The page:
Gov. Sanford, You Are Not South Carolina

“South Carolina does not want ‘stimulus,’ ” Mark Sanford tells us. But Mark Sanford is not South Carolina. He is a right-wing Republican with a $3.5 million home who’s got his eye on the next presidential election in 2012.

Meanwhile, the other 4.5 million South Carolinians are left to pay the price for his ambitions:

Out-of-work electrician Everette Walker needed no prompting to express his feelings about Gov. Mark Sanford’s leadership.

“The man is selfish,” said Walker, 62. “Here’s a man with a $3.5 million home who doesn’t care if the rest of South Carolina can afford a loaf of bread. It sets me on fire.”

With an economy in crisis and South Carolina’s unemployment rate at 10.4 percent _— second in the nation — frustration with the governor’s approach to the economy is building among state residents.

Gov. Sanford’s reasoning — and that of other Republican governors, the most recent being Sarah Palin — for rejecting free government money is (a) that it’s more important to pay down existing debt, and (b) that people will get to like the economic relief measures made possible by federal stimulus funds, and will object to having them cut when the money is gone.

If we’re going to spend money we don’t have at the federal level, it becomes all the more important that our state balance sheet is in good order — particularly if this is a protracted downturn. But many people do not realize that the stimulus money runs out in 24 months — at which point South Carolina will be forced to find a new source of funding to sustain the new level of spending, or to make sharp cuts. Sure, I could kick the can down the road; in two years, I’ll be safely out of office. But it would be irresponsible.

If South Carolina could use stimulus money to pay down debt, in two years we will be able to spend, cut taxes or invest even if the federal government can no longer provide more money — not a remote possibility. In fact, paying debt related to education would free up over $162 million in debt service in the first two years and save roughly $125 million in interest payments over the next 13 years — just as paying off a family’s mortgage early frees up money for other uses.

Neither argument makes sense. Ordinary people who don’t have $3.5 million beach homes to sell cannot wait two years for a job, or for groceries, or rent money, or a roof over their heads. We’re not talking about buying a fleet of yachts, or jetting off to Majorca or St. Tropez here. We’re talking about putting food on the table.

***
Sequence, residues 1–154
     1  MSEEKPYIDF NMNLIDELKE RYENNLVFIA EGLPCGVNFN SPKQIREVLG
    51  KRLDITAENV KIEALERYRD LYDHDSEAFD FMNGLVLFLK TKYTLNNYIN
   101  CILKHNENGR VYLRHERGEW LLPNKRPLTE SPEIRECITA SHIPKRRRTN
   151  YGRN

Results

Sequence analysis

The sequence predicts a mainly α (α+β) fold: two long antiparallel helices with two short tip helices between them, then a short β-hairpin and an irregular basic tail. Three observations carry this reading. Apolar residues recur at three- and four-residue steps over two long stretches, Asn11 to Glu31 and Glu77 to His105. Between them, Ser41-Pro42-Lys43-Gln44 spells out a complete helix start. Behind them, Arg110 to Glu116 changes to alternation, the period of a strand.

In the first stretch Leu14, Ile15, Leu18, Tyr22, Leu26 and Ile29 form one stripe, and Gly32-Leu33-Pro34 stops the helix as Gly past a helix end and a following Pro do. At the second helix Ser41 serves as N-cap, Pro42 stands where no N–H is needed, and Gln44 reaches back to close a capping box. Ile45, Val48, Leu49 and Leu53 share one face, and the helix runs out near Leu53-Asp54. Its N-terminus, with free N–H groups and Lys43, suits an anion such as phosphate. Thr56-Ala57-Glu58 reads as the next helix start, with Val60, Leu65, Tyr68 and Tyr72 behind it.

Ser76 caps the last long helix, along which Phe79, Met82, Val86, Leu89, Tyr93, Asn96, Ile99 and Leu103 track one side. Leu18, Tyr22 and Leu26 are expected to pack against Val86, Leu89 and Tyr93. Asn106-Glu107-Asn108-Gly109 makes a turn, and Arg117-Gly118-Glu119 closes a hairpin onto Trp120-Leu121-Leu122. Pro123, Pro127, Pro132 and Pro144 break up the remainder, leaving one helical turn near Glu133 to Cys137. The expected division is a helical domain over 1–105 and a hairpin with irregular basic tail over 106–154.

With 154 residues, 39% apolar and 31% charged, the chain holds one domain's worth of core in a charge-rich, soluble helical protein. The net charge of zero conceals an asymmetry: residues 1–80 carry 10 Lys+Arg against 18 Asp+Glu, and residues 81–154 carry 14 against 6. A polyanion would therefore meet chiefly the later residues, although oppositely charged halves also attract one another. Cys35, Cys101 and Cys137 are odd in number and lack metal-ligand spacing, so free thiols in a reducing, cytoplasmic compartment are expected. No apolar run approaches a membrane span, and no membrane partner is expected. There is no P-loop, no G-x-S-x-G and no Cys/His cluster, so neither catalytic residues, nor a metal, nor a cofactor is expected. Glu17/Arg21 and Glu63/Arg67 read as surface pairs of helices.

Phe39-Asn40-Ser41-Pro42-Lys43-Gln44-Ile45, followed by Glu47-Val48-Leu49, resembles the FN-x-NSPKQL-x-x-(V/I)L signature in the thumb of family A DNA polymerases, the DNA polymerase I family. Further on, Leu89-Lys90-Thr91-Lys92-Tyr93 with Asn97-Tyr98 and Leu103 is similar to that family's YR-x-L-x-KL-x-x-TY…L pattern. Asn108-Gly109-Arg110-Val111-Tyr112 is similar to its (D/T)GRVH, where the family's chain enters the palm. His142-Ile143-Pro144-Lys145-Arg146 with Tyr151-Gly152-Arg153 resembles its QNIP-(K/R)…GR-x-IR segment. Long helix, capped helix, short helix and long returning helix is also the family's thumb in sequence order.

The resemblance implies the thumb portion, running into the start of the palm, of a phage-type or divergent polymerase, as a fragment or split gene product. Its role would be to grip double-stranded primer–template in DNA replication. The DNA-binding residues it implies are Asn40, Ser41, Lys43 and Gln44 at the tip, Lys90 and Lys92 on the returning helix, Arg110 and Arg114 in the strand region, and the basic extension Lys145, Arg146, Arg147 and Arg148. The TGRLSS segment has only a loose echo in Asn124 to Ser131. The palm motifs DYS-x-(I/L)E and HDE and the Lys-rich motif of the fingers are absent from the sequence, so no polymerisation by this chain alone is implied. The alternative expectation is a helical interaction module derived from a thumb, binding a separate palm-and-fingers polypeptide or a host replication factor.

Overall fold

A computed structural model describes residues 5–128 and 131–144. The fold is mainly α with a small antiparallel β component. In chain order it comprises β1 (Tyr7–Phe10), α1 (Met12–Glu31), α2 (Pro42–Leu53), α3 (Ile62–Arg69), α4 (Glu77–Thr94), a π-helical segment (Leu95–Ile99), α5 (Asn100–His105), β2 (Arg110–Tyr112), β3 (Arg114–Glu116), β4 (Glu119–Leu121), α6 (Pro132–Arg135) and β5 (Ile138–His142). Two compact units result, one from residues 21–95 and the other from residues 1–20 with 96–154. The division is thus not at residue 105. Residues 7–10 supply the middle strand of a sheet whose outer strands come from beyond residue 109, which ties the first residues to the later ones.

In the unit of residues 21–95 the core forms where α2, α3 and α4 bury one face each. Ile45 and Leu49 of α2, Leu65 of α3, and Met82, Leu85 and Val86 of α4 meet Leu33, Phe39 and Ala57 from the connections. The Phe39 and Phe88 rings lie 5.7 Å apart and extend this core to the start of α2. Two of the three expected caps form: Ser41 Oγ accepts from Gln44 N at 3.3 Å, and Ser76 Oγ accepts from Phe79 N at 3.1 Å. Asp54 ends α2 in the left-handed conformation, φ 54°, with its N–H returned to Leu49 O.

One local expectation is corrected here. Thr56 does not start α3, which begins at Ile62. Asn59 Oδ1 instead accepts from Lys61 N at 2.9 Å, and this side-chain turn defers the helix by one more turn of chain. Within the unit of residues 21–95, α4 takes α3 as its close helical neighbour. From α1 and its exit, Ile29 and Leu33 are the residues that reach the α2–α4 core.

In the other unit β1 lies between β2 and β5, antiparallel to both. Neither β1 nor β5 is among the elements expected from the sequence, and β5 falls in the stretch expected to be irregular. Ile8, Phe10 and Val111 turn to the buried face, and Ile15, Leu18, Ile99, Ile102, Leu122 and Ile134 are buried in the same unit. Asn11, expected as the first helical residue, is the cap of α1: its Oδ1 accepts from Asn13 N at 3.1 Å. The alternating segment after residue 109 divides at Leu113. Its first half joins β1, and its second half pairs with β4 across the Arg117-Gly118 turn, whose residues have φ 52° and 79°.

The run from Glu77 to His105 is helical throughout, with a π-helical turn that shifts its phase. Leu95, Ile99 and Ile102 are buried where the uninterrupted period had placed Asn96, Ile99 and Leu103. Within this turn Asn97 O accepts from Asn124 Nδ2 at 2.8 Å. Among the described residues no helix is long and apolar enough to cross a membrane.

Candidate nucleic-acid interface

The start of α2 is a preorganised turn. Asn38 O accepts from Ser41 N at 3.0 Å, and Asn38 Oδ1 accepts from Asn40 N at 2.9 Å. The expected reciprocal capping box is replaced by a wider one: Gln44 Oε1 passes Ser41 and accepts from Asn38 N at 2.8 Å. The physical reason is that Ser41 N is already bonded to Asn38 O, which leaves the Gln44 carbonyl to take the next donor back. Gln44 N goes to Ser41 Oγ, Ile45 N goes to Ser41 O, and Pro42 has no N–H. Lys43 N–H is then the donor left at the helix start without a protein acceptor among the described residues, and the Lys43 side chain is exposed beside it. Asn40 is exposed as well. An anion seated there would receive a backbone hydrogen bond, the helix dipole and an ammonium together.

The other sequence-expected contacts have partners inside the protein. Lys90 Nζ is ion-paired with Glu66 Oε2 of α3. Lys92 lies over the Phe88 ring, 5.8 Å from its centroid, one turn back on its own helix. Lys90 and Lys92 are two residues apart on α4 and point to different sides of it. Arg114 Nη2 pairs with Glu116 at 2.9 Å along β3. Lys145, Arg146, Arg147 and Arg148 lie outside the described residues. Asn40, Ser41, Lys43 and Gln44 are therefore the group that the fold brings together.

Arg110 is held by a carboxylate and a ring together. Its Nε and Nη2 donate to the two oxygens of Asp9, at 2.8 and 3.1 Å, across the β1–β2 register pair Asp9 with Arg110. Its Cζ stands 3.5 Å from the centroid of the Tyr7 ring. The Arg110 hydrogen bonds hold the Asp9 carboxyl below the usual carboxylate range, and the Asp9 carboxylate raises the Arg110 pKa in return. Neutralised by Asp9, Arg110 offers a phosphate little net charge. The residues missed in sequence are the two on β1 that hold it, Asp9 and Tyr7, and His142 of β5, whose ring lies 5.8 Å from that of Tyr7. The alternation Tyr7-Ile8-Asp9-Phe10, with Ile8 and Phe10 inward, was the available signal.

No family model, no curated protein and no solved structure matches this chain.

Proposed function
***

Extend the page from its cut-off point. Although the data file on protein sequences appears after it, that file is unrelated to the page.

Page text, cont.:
It’s also more than a little strange for an advocate of Republican-style free market capitalism to be arguing that it’s always a bad idea to spend money you don’t have, and that paying down debt is more important than investing in a better future. We would have a lot fewer doctors and lawyers if that were the ruling philosophy. Getting into debt, or delaying efforts to reduce debt, can be a smart choice if it’s done as an investment in a larger personal or public good that is likely to recoup the initial investment many times over — as opposed, say, to debt that is taken on in pursuit of an ignoble goal like ensuring a steady flow of oil profits for huge multinational corporations, and that ends up costing the nation hugely in terms of human lives, moral standing, and physical safety without providing any justifiable benefits in return. In South Carolina, the $700 million Sanford is rejecting would help school districts retain their teachers and provide immediate relief to people who don’t have jobs or any reasonable possibility of finding jobs in the near future, so said people will have money to spend on food and clothing and prescriptions and doctor visits, and on the rent or the mortgage — and the money spent will be pumped into the economy. Whereas paying down debt will do… exactly nothing to increase spending.

The second argument — that stimulus funds are finite and temporary, and should not be accepted because people will get to like them too much and won’t want to give them up — is equally (or maybe even more) flawed.

In this view, as expressed here by Tigerhawk, who praised Sarah Palin’s decision to turn down over 30% of federal stimulus dollars designated for Alaska, “She understands that this money is like an addictive drug — accept it today, depend on it tomorrow, and come up short a few years after tomorrow when the dealer stops supplying the goods for free.”

In other words, in an emergency, one should not accept temporary assistance because it’s not permanent assistance. How stupid is that?  Not to mention irresponsible:

Anchorage Democratic Rep. Les Gara argued that it’s bad governing not to do things he said would improve schools and reduce the unemployment rate for two years just because it might not last forever. …

Plus, it makes no sense:

Acting Anchorage Mayor Matt Claman said he’s disappointed Palin chose to turn down funding that would create jobs and maintain services. “Her rationale is like turning down a gift card because it expires in two years,” Claman said in a written statement.

Meanwhile, Jon Perr looks at a chart that shows, for each state, how many federal spending dollars the state receives compared with how many federal tax dollars the state sends to Washington. The states that got more dollars from the feds in spending than they paid to the feds in taxes — red or blue? Take a wild guess.

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